Let Her Speak for Herself: Nineteenth-Century Women Writing on the Women of Genesis

By Marion Ann Taylor; Heather E. Weir | Go to book overview
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§83 Mary Cornwallis
(1758–1836)

Cornwallis's35 treatment of Dinah was part of her commentary on Genesis 34. She introduced the story with a remark about the violence of the culture in which the story took place. Cornwallis explained Dinah's actions as typical of a young girl of about fifteen, "an age at which the mind is open, frank, and unsuspicious, and, neither knowing nor meditating evil, apprehends none." She put considerable weight on Josephus' idea of Dinah's going to a great festival. Cornwallis assumed it must have been an idolatrous festival, and that Dinah went without her parents' knowledge. The descriptive words Cornwallis used of the rape of Dinah (violence, misfortune, injury, and disgrace) betrayed her own feelings regarding the act. She also read the story through the lens of her experience as a mother of two daughters and noted the "disrespectful and undutiful" response of Jacob's sons to his admonition. The lessons Cornwallis drew from Dinah's rape were similar to Trimmer's.

From Mary Cornwallis, Observations, Critical, Explanatory, and Practical
on the Canonical Scriptures
(London: Baldwin, Cradock, & Joy, 1817).
"Text is from 2nd ed. (1820), 80–81."

The violence offered to Dinah shows that both Abraham and Isaac had cause for their distrust when they were driven by famine into idolatrous countries. Her conduct was undoubtedly indiscreet; but she is thought to have been only about fifteen, an age at which the mind is open, frank, and unsuspicious, and, neither knowing nor meditating evil, apprehends none. Josephus says that she went to see a great festival.36 If so, it must have been an idolatrous one, and her going thither was probably unknown to her parents. Her misfortune is not without instruction, and teaches young women the necessity of circumspection in the choice of companions, as well as the danger of giving way to indiscreet curiosity. It was very natural that her brothers should keenly feel the injury; and the disgrace brought upon the family; but intemperate rage generally leads to unlawful revenge; and nothing could excuse the making a holy rite instrumental to it, or the cutting off a whole city for the offence of one individual. The whole transaction appears to have been unknown to Jacob, and to have caused him extreme displeasure when it reached his ears. Indeed, had not God preserved them, there was every reason to expect that they would in turn be exterminated by the surrounding heathen nations. The reply of Jacob's sons to the admonitions of their parent shows that right and wrong may be easily confounded. The sentiment of indignation expressed in it was in itself laudable, but, viewed as a reply to their parent's admonition, it was disrespectful and undutiful; as the subsequent history shows that the whole transaction was registered on high, and entailed upon those concerned in it a lasting curse.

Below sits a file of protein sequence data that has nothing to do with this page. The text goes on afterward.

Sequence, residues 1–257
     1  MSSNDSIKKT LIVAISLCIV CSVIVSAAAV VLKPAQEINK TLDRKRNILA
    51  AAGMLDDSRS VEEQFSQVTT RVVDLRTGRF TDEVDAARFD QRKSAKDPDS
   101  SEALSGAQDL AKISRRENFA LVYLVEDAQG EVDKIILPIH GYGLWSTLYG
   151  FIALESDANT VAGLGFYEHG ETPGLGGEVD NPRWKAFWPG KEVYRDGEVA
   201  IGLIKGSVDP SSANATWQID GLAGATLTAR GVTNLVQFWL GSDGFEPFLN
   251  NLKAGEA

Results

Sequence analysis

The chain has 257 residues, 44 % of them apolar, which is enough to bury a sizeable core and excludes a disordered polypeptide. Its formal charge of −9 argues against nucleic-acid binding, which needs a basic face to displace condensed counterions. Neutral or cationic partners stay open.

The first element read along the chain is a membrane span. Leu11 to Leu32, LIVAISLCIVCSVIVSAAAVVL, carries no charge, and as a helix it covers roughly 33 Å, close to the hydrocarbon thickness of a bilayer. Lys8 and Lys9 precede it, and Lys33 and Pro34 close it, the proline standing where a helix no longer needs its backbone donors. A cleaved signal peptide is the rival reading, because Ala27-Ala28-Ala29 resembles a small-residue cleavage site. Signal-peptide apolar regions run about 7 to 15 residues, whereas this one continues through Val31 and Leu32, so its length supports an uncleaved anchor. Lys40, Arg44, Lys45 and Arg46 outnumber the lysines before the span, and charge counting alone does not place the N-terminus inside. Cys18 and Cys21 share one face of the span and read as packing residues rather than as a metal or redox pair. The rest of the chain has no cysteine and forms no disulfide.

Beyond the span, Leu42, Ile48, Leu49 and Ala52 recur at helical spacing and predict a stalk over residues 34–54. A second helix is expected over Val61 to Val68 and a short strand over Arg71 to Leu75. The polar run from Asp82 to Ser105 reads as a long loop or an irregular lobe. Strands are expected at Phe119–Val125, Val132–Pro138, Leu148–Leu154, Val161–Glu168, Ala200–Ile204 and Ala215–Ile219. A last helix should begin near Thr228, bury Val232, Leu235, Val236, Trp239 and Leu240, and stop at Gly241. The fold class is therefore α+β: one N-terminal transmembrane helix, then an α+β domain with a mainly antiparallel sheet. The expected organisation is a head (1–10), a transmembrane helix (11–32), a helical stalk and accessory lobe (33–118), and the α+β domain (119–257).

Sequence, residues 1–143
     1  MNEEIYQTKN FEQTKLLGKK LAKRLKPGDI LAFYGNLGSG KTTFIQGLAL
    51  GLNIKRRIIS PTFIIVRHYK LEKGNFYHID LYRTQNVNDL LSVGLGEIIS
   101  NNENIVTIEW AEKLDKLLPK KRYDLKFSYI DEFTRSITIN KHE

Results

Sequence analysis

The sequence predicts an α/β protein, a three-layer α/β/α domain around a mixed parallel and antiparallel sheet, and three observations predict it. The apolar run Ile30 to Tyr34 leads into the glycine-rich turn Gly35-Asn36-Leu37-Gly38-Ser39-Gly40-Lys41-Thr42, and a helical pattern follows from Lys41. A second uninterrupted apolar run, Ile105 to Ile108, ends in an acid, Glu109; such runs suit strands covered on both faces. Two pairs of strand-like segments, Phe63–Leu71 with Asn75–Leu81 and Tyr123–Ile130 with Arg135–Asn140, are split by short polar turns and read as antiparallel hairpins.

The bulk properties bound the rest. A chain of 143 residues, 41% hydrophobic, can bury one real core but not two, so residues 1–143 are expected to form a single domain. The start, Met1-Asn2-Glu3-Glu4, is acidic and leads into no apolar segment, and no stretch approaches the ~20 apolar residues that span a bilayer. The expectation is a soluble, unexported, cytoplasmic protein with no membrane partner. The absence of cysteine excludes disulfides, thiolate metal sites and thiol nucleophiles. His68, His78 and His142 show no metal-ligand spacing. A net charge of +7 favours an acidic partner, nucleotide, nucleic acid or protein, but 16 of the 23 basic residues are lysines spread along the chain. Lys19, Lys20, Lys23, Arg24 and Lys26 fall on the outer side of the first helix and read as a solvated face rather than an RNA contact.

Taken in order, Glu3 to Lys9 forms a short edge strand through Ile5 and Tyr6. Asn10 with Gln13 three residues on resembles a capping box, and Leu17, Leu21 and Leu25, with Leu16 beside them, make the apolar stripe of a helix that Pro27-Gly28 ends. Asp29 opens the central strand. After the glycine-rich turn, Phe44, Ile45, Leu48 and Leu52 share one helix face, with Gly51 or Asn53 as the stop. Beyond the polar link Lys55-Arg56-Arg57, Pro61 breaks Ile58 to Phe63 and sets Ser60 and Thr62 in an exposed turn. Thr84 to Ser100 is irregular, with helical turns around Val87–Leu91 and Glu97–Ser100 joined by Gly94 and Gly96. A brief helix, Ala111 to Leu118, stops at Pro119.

35 For a biography of Mary Cornwallis, see part 5, "Leah and Rachel—Founders of the
House of Israel."

36 Josephus, Antiquities of the Jews, 1:21.

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